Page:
Every year, days before Christmas, toys donated from around the community fill the Community Room at the Watertown Police Station in preparation to be distributed to families in need around the community.
The drive is organized by the Sonny Whooley Foundation, named for a former Watertown Police officer known for his generosity, said David Collins, president of the Whooley Foundation.
Over the years, the Whooley Foundation has helped thousands of families, Collins said. This year, an anticipated 180+ families and over 300 children will be presented gifts from the Foundation, said Watertown Police Sgt. Ken Swift, who helps organize the toy collection and distribution.
Collins, who worked for the WPD for 32 years beginning in 1987, spoke during a toy drive hosted by the Rotary Club of Watertown and the Watertown Business Coalition on Monday.
“I worked for many years with many police officers, but none quite like John “Sonny” Whooley,” Collins said. “John ‘Sonny’ Whooley was really a street cop in every sense of the phrase. He knew the community intimately, as well as being respected by residents.”
Whooley would collect money from co-workers, firefighters, members of the community, and he would redistribute the donation to struggling families during the holiday season.
“There were many acts of kindness that Sonny performed in the community and I was lucky enough to be entrusted with helping him with some of these initiatives,” Collins said. “‘People helping people’ was the phrase that we lived by.”
In the late 1980s, a wishing tree was set up at the Waltham District Court where members of the bar association would give money and court employees would shop for families in need, Collins said. The toy drive was moved to the Watertown Police Department in 1993, with the permission of then-Chief Robert Kelly.
The effort has received a lot of help from groups in the community, especially the Marine Corps League.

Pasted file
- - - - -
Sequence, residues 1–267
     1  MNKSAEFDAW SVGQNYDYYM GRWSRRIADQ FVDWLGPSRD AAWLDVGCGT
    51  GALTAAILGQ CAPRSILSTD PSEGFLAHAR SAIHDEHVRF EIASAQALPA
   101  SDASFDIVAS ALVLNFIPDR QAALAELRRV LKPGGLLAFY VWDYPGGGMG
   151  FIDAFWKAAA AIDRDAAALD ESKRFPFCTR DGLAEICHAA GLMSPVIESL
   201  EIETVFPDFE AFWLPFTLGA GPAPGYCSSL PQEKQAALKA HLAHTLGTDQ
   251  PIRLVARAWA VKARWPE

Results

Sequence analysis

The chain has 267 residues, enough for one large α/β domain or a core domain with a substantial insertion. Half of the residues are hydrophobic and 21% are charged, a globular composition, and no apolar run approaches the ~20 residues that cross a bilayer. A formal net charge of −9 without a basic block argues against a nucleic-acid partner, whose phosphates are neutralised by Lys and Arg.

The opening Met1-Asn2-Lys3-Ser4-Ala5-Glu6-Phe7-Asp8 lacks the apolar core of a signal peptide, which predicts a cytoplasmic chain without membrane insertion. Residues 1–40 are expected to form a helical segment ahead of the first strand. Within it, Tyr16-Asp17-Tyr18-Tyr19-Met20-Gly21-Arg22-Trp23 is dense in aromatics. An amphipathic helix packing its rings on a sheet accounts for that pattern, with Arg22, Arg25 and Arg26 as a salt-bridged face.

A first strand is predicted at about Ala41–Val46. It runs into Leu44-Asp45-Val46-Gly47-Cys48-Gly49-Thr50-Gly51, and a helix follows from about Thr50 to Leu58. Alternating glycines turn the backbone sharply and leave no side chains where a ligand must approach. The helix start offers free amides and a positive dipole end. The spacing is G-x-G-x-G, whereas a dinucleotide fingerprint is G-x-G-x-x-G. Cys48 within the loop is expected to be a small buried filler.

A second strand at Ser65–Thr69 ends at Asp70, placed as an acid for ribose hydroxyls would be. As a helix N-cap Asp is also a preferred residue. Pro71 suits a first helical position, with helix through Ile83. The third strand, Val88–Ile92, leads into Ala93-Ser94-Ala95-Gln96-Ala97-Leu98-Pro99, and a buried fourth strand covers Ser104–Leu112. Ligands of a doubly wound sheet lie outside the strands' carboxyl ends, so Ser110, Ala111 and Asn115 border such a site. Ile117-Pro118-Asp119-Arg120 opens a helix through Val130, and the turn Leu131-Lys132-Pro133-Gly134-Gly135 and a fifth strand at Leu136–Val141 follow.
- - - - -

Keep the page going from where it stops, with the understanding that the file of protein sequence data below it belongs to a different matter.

“The Toys for Tots program, we had an agreement that the Toys for Tots, all of the toys would come to the Whooley Foundation and any money donated would go to the the national Toys for Tots organization,” Collins said. “So, it was a nice collaboration with Toys for Tots, and Ed Aucoin was instrumental in that along with Mike Munger, a former detective with the Watertown Police Department.”
Other businesses and groups that have been generous over the years include Watertown Savings, the Ancient Order of Hibernians, Murphy Plumbing and Heating, the Watertown Mall, Collins said, and in more recent years, the Rotary Club of Watertown.
When Whooley died in August, 1996 many donated in his memory.
“Robert Whooley, Sonny’s brother, and Audrey Whooley, Sonny’s wife, were overwhelmed with the generosity and outpouring of donations made on Sonny’s behalf,” Collins said. “The outpouring and giving continued to grow to serve the needs of the community. In 2005, with the permission of Audrey Whooley; Robert Whooley, (Watertown Firefighter) Bobby Mannix, Audrey’s son, (former Watertown Police officer and later Chief) Mike Lawn, Tim McGoldrick, and myself created the Sonny ‘Whooley’ Foundation.”
The toy drive is a collaborative effort, Swift said, where Watertown Police work with multiple groups to collect donations, as well as identifying those in need. The groups include: Watertown Housing, Watertown Public Schools, Watertown Health Department, the Watertown Fire Department, Wayside Multi-Service Center, Rotary Club of Watertown, Watertown Boys and Girls Club, Watertown Business Coalition, Watertown Council on Aging, the Watertown Veterans Agent, the Commander’s Mansion (which runs the Whoville Fundraiser), Watertown City Manager’s Office, Watertown Recreation Department, and the Marine Corps League.
Toys can be dropped off at dozens of locations around Watertown. The last day for toy collection is Dec. 20. Local businesses holding toy drives for the Whooley Foundation include: Watertown Savings Bank, Kraig’s Kempo Karate, Lexus of Watertown, Toyota of Watertown, Comcast, the Watertown Angels Foundation, Hampton Inn & Suites, Mass. General Hospital Watertown, Donohue’s Bar and Grill, Akain Plumbing, the Westin Hotel in Waltham, Grace Chapel Watertown, the Bethesda Group, and Arsenal Yards, Swift said. Also, some members of the Rotary Club of Watertown and the Watertown Business Coalition are participating, said Rotary Club President Kim Severino, including D’Amico Dental, Eastern Clothing, and Branch Line.
The Rotary Club and the Watertown Business Coalition collected dozens of items at a Holiday Mixer and Toy Drive on Dec. 4 at the Mosesian Center for the Arts, Severino said.
The toys will be amassed at the Police Station and distributed on Dec. 21, Swift said. Collins said the toys are organized by age group and police officers, firefighters, and volunteers choose toys for families based on the age and gender of the children. If a family has a special need, such as if a child has a disability that prevents them from playing with certain kinds of toys, they can put in a special request, Collins said.
If someone knows of a child in need who should receive a gift, they can contact Sgt. Ken Swift at 617-972-6538.